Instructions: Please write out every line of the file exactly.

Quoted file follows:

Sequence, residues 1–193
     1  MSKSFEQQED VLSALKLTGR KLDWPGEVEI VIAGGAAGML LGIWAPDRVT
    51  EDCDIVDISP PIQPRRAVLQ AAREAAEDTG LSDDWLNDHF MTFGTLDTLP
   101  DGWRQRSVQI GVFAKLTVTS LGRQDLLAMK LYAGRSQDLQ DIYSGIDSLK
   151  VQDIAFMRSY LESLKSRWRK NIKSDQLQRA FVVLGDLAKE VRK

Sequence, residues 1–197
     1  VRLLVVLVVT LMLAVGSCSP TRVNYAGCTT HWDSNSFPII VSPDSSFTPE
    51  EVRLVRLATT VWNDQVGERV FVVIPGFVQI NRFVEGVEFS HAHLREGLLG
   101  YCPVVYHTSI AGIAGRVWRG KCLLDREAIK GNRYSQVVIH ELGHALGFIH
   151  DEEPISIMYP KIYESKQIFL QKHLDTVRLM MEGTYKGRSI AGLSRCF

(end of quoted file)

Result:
Sequence, residues 1–193
     1  MSKSFEQQED VLSALKLTGR KLDWPGEVEI VIAGGAAGML LGIWAPDRVT
    51  EDCDIVDISP PIQPRRAVLQ AAREAAEDTG LSDDWLNDHF MTFGTLDTLP
   101  DGWRQRSVQI GVFAKLTVTS LGRQDLLAMK LYAGRSQDLQ DIYSGIDSLK
   151  VQDIAFMRSY LESLKSRWRK NIKSDQLQRA FVVLGDLAKE VRK

Sequence, residues 1–197
     1  VRLLVVLVVT LMLAVGSCSP TRVNYAGCTT HWDSNSFPII VSPDSSFTPE
    51  EVRLVRLATT VWNDQVGERV FVVIPGFVQI NRFVEGVEFS HAHLREGLLG
   101  YCPVVYHTSI AGIAGRVWRG KCLLDREAIK GNRYSQVVIH ELGHALGFIH
   151  DEEPISIMYP KIYESKQIFL QKHLDTVRLM MEGTYKGRSI AGLSRCF